While regulated on the federal level, there is still much that can be done on a state level, including adding per-barrel fees to pay for cleanup plans. Plus, a new regulation took effect requiring railroads to notify states about Bakken crude trains.
- As part of his annual budget, Gov. (Jerry) Brown wants to expand an existing prevention-and-response program for ocean oil spills to cover inland areas.The initiative would be funded by a proposed 6.5-cent-per-barrel fee on all crude oil delivered by rail to refineries. Additionally, Brown is asking lawmakers to approve hiring new track inspectors.
- Separately, state Sen. Fran Pavley (D-Agoura Hills) last week steered a similar spill-response measure, SB 1319 (May 28 legislative analysis), through the state Senate, winning approval on a 23-11 vote. [See her May 28 press release.]
- In the lower house, Assemblyman Roger Dickinson (D-Sacramento) recently amended a bill that would require railroads to report to the state Office of Emergency Services information about hazardous materials, including crude oil, being transported into the state.
- His proposal, AB 380 (June 2 legislative analysis), which was unanimously approved by the Senate Environmental Quality Committee on Wednesday,also would require rail carriers to maintain live, 24-hour communications lines that would enable local first-responders to contact them. [See his June 4 press release.]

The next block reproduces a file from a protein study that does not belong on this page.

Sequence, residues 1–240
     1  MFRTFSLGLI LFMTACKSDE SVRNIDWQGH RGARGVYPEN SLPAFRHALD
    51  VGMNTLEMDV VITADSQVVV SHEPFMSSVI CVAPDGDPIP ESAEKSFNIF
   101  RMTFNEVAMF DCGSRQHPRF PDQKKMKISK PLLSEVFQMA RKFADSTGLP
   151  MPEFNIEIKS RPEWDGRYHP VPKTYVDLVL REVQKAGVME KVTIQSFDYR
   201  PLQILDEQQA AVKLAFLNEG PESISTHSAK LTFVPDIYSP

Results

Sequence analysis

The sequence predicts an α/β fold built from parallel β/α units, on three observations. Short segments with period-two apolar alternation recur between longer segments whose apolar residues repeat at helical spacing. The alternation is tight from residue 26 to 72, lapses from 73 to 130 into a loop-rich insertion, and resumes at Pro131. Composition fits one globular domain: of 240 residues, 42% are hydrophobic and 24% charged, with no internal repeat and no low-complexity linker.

An emergency regulation issued last month previously took effect on Saturday, June 7 requiring "railroads to notify states of the specific routes they will use when transporting more than 1 million barrels of Bakken crude. Such oil "may be more flammable than traditional heavy crude," the U.S. Department of Transportation warned," writes Lifsher [also see KQED blog.]
However, Valero Energy spokesman Chris Howe appeared to dispute the regulator's warning.
"There is nothing inherently more dangerous about one crude than another. They are all flammable," he told Tony Bizjak of The Sacramento Bee.
It should be noted that when talking of increased crude-by-rail shipments to California, it's important to distinguish types of crude. The oil sands crude from Alberta does not pose the public safety threat that the higher volatility Bakken crude presents.
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